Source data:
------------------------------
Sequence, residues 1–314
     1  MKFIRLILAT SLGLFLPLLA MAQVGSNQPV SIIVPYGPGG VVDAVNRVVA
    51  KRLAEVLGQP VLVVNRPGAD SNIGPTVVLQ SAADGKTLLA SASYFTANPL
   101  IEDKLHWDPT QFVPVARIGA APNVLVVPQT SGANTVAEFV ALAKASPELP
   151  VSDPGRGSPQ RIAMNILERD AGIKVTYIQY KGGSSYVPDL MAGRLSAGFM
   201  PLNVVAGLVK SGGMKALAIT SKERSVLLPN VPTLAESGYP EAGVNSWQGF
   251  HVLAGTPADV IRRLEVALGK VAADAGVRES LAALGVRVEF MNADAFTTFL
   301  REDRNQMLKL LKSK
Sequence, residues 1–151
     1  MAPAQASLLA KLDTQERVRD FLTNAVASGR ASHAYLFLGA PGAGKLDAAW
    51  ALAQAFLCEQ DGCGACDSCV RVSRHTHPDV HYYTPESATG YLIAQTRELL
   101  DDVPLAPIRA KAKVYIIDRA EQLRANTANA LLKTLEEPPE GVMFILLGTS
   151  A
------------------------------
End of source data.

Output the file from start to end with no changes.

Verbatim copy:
Sequence, residues 1–314
     1  MKFIRLILAT SLGLFLPLLA MAQVGSNQPV SIIVPYGPGG VVDAVNRVVA
    51  KRLAEVLGQP VLVVNRPGAD SNIGPTVVLQ SAADGKTLLA SASYFTANPL
   101  IEDKLHWDPT QFVPVARIGA APNVLVVPQT SGANTVAEFV ALAKASPELP
   151  VSDPGRGSPQ RIAMNILERD AGIKVTYIQY KGGSSYVPDL MAGRLSAGFM
   201  PLNVVAGLVK SGGMKALAIT SKERSVLLPN VPTLAESGYP EAGVNSWQGF
   251  HVLAGTPADV IRRLEVALGK VAADAGVRES LAALGVRVEF MNADAFTTFL
   301  REDRNQMLKL LKSK
Sequence, residues 1–151
     1  MAPAQASLLA KLDTQERVRD FLTNAVASGR ASHAYLFLGA PGAGKLDAAW
    51  ALAQAFLCEQ DGCGACDSCV RVSRHTHPDV HYYTPESATG YLIAQTRELL
   101  DDVPLAPIRA KAKVYIIDRA EQLRANTANA LLKTLEEPPE GVMFILLGTS
   151  A